If you use open source, what’s good for the Apache Software Foundation is usually good for you. What do they say about “joke licenses” and Category X?
The Apache Software Foundation’s legal group is an interesting microcosm in which to study open source license issues. Generally, what the Apache Software Foundation (ASF) deems good is good for companies looking to consume open source, and what’s not is not. So their open discussions are useful to monitor if you want to keep tabs on current license issues. Recently they had a go-round about “joke licenses,” which for some companies are no joke. In the end, they decided to disallow the use of software under two different open source licenses.
The ASF’s mission is “to provide software for the public good.” The organization seems to have concluded that doing the most good requires that the software they provide be readily consumable by all kinds of organizations, not least commercial entities. There are many aspects to ensuring consumability, but certainly licensing plays a big part. The Apache License is recognized as one of the most commercial-friendly licenses—most companies are very comfortable incorporating Apache-licensed code in their software. Beyond that, the ASF has taken it upon itself to vet code included in Apache projects for other licenses that might apply. Their legal group is extremely careful about which licenses they will allow and maintains a list of “Category X” licenses that are disallowed from Apache projects. And recently, after only brief debate, the ASF decided to add two licenses to Category X.
The first was the Solipsistic Eclipse Public License. In case you don’t remember solipsism from your Philosophy 101 course, it is the idea that the only thing you can truly know to exist is your own mind; everything else either is or could be an illusion. The license essentially incorporates the terms of the Eclipse Public License, but goes on to include the caveats “provided that you do not believe the Eclipse Foundation or the author exists, and provided that you affirm publicly when referring to the work, or when questioned or interrogated by beings who putatively exist, that the work does not exist.” Amusing? I think so, and that was clearly the intent, but the ASF has nevertheless banned the license from Apache projects.
Evaluating the SEPL raised similar consideration of the Don’t Be a D*** Public License (copyright 2016), or DBAD license (in its more socially acceptable form). Unlike another questionable license, the WTFPL—which I would argue is, albeit profane, unambiguous—the DBAD is very open to interpretation. It starts with a broad grant of rights—“Do whatever you like”—but then reels those rights back from potential licensees who are being a d***, a state clearly in the eyes of the beholder. So … Category X it is.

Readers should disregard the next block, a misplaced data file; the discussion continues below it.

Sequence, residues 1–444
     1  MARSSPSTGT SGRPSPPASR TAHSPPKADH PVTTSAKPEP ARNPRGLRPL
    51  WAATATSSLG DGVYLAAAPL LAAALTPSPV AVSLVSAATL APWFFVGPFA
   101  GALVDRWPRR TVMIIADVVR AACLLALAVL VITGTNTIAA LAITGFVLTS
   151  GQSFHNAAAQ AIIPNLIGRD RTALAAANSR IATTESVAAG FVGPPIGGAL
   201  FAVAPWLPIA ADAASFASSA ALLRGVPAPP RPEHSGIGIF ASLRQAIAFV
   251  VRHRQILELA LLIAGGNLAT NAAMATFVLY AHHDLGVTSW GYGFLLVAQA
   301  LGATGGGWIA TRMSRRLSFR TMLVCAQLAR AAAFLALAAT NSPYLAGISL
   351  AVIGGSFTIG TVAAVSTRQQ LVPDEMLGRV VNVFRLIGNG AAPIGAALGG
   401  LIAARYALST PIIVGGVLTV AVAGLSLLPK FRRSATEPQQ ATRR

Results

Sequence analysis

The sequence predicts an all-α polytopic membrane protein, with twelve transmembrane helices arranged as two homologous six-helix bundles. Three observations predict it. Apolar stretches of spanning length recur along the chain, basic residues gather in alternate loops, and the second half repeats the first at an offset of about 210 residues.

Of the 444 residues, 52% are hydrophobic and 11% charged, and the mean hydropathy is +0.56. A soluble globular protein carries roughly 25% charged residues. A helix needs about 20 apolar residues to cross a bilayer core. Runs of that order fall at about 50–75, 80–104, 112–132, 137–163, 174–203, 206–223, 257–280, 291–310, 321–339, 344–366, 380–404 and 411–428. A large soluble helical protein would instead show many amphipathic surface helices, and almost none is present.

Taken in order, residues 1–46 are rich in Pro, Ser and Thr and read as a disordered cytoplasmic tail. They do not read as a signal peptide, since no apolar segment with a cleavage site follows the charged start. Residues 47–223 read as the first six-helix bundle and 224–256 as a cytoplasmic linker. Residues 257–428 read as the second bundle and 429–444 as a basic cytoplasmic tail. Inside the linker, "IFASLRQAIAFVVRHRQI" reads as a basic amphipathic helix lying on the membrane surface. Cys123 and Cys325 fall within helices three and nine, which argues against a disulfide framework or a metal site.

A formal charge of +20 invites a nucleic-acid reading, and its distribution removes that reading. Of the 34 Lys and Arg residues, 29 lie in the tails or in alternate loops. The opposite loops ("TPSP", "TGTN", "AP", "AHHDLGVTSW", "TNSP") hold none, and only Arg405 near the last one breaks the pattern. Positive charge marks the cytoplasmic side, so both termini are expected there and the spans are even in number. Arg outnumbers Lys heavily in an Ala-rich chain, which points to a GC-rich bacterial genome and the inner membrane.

No one in the ASF discussion was particularly concerned with the profanity, and someone even took the position that joke licenses are unenforceable and so not a problem. But in the end, the essence of the issue of concern was well characterized by one of the participants in the discussion: “It is the perception of risk by the more conservative of the user population of Apache software.” This was an argument similar to the one that carried the day when Apache moved the JSON License to Category X. In a nutshell, the argument is this: If our conservative customers won’t like it, we don’t want it.
The Apache Foundation recently updated their page that contains information about licenses to include the following:
“Nonsensical licenses. These licenses while amusing to their creators are legally problematic. They often include subjective Field of use restrictions e.g. ‘Don’t be evil’ with no arbiter for that subjective restriction defined. In some cases they may not even grant sufficient rights to conform to the OSI open source definition. Since we do not wish to surprise our downstream consumers we forbid the use of such licenses.”
By being sensitive to their customers’ needs and concerns, the Apache Software Foundation continues to be one of the most trusted sources of software there is. Their legal group sweats the details so their customers don’t have to. It really matters. And they are not being d***s.
Phil is the general manager of Synopsys’s Black Duck Audit business auditing the composition, security and quality of software for companies on both sides of M&A transactions. He focuses on software due diligence best practices and the M&A market. He also works closely with the company’s law firm partners and the open source community and is a frequent speaker on open source management and M&A. Phil chairs the Linux Foundation's Software Package Data Exchange (SPDX) working group which created an ISO standard for Software Bills of Materials (SBOMs). With decades of software industry experience, Phil held senior management positions at Hammer/Empirix and High Performance Systems, a startup in computer simulation modeling. He began his career in marketing and sales with Teradyne's electronic design and test automation (EDA) software group. He’s also written a book on fly fishing. Phil has an AB and an MS in engineering from Dartmouth College.